Volume 3 Number 42
October 16, 2006

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Members of the Division of Insurance Fraud and the State Fire Marshal’s Office were among about 200 state emergency responders on hand Wednesday to accept an official thank you from Governor Jeb Bush and Mississippi Governor Haley Barbour for assisting Mississippi in its recovery following Hurricane Katrina last year.  

Florida sent more than 7,000 responders and more than $80 million in aid in what is being described as Florida’s largest state-to-state assistance in history.

 “I am extremely proud of the thousands of Florida emergency responders who selflessly aided impacted communities along the Gulf Coast recover from catastrophic Hurricane Katrina,” said Governor Bush. “Florida received help from more than 35 states during the 2004 and 2005 hurricane seasons, and we remain steadfastly committed to aiding our neighbors in times of crisis.” 

 “On behalf of the people of Mississippi, it is an honor to thank the thousands of Floridians who provided tremendous assistance to our state in our time of greatest need,” said Governor Barbour.

Tom Gallagher, Florida’s chief financial officer and state fire marshal, commended not only department personnel who were deployed to Mississippi but also those who remained behind to respond to the needs of citizens in South Florida also impacted by Hurricane Katrina, the state’s sixth storm in just over a year.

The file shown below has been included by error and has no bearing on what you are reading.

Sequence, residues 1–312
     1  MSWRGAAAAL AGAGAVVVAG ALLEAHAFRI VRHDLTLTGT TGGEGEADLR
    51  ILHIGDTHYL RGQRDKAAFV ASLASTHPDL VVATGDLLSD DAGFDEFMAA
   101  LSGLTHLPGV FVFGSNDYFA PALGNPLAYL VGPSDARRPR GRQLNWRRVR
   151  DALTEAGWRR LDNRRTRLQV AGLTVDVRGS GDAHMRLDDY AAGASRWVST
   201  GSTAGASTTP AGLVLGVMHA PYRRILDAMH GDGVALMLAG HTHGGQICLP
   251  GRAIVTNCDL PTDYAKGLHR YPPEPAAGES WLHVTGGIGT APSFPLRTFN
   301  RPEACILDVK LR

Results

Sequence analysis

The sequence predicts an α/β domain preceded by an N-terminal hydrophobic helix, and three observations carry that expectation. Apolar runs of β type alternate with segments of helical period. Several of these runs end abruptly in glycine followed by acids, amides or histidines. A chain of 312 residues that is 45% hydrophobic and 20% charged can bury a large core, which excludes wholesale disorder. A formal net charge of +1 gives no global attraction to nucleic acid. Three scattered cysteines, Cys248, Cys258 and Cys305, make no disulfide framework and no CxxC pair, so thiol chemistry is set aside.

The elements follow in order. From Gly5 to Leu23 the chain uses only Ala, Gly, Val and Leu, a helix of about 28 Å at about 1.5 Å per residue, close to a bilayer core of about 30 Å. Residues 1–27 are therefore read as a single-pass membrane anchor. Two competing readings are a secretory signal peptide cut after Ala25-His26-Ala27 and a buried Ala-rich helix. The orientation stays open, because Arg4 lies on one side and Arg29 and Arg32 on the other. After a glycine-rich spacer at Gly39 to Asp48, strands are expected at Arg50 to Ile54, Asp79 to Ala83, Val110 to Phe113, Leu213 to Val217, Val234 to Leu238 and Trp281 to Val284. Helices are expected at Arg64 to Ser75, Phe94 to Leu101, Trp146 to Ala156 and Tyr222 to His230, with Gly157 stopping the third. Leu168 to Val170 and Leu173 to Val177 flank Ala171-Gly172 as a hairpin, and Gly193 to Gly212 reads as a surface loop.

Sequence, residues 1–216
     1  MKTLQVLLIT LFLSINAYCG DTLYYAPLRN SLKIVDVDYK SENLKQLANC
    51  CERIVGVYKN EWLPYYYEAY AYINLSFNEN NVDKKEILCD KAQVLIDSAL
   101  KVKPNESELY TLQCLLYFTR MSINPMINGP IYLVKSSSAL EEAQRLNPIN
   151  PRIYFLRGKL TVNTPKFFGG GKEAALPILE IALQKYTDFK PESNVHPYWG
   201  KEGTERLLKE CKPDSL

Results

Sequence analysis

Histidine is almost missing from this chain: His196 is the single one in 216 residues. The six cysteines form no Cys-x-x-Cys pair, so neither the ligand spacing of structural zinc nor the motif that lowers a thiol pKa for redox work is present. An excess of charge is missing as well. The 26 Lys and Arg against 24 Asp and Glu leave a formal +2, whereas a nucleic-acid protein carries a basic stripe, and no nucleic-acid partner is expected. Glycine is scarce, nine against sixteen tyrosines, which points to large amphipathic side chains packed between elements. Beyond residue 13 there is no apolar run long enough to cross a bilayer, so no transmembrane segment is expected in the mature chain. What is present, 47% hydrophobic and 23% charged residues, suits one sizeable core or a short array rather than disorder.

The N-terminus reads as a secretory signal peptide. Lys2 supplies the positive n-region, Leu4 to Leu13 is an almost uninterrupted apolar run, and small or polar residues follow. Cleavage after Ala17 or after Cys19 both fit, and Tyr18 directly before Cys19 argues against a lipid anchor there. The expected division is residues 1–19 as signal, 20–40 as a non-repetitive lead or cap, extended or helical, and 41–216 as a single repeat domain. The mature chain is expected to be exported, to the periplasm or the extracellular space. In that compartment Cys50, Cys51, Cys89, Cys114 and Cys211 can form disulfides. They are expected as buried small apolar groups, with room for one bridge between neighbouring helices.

“It’s a real testament to the kind of people we have in this department,” Gallagher said.  “We stretched our resources so we could lend a hand to our neighbors in need, and I thank every one of our employees who helped make that possible.”

The Bureau of Fire and Arson Investigations, the law enforcement arm of the State Fire Marshal’s Office, won a Davis Productivity Award for maintaining its responsibilities after sending about one-third of its sworn force to Mississippi.

List of resources the state provided to Mississippi:


·       Water - 768 truckloads (3,648,000 gals.)
·       Ice - 457 truckloads (19,194,000 lbs.)
·       Juice - 16 trucks (16,000 cases)
·       Shelf Stable Meals - (138,000 meals)
·       USDA commodities - 6,000 cases
·       Baby food, formula, etc. - 20,892 cases
·       Baby supplies (nipples, diapers, wipes) - 4,962 cases
·       Adult diapers, wipes - 376 cases
·       Children Liquid Supplement - 10,200 cases
·       Adult Liquid Supplement - 5,100 cases


·       1,200 Porta Potties with service
·       180 each 30-cubic yard dumpsters with service
·       113 Tons of Quick Lime
·       6 Trucks of Bleach (Sodium Hypochlorite)
·       33,280 Blankets
·       500 Fuel Cans
·       500 12/3 power cords with adaptors
·       2,000 HEPA Filtration Masks
·       2,000 Body Bags
·       300,000 “Bath-in-a-Bag” units
·       162 Small 8-12 kW portable generators
·       1000 traffic cones
·       1000 portable barricades
·       6 Administrative Supply Kits for affected counties
·       6 Essential Tool and Equipment Kits for affected counties
·       50 Piece Computer network lease for Joint Task Force operations center at Stennis